Bisoute is the name given by the artist to his depiction of a hideous, elderly, hunched-over, but friendly vagrant.

The term may surprise. In French, “bisoute” is the conjugation in the present tense in the 1st person or the 3rd person singular of the verb “bisouter.” Spelled “bizouter,” this word can also mean to embrace or kiss.

As for the artist, Jean-Julien Bourgault, he was born in Saint-Jean-Port-Joli in June 1910. The son of Émilie Legros and Magloire Bourgault, a carpenter/joiner, Jean-Julien was the brother of sculptors André and Médard Bourgault.

Having first worked as a sailor (1927-1929), like his brother Médard, sailing between Montreal and Labrador, Jean-Julien then took classes in cabinetmaking in Quebec City. He returned to settle in his hometown in 1931 and married Marie-Antoinette Caron in 1934.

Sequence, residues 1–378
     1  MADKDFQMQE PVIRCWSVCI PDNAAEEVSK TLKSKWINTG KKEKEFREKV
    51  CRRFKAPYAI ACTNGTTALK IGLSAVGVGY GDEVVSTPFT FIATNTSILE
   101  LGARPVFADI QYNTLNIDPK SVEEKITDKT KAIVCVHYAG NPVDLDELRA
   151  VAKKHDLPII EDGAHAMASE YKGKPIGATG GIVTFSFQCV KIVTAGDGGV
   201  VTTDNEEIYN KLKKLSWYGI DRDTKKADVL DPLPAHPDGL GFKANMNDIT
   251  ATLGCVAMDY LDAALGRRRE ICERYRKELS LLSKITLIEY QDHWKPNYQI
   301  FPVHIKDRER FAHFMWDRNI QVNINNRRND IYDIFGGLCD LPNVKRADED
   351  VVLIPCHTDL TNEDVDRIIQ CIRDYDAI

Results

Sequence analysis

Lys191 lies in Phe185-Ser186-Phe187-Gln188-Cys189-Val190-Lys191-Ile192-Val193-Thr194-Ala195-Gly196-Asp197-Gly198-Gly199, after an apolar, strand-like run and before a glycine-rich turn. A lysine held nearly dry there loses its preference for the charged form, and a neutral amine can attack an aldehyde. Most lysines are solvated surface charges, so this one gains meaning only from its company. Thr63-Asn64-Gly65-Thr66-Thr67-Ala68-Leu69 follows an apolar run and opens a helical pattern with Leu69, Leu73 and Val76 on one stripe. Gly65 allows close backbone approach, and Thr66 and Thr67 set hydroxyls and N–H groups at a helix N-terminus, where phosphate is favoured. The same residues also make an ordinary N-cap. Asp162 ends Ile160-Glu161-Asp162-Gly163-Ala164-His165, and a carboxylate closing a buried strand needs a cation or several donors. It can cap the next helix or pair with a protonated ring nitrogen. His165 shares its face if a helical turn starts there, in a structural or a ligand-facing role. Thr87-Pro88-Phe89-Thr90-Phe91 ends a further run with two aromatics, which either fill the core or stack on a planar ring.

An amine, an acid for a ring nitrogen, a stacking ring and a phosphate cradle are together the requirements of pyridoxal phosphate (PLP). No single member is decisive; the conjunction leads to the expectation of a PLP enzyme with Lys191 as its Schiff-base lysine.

Much like his brothers, Jean-Julien Bourgault was particularly fond of wood to depict his artistic creations with realism and candour. He was also the creator of several religious sculptures.

From 1957 to 1986, Jean-Julien ran, among other things, the École de sculpture, officially established since 1940 with the support of the government in the Bourgault brothers’ studio in Saint-Jean-Port-Joli, on the south shore of the St. Lawrence River, in the Chaudières-Appalaches administrative region, halfway between L’Islet-sur-Mer and Saint-Roch-des-Aulnaies.

Thanks to his talent and reputation, J.-J. Bourgault was honoured with the Order of Merit of France in 1964 and the Order of Canada in 1970.

In 1991, an exhibition entitled Riopelle-Bourgault, bringing together the sculptor and painter Jean-Paul Riopelle, was held at the Théâtre de l’Oie blanche in Montmagny. The event coincided with the annual stopover of these migratory birds (snow geese) in this region of Quebec. 30,000 visitors attended this exhibition.

Jean-Julien Bourgault died on February 7, 1996.

Donation from Louis Pelletier
Musée Pierre-Boucher Collection
1997 8 S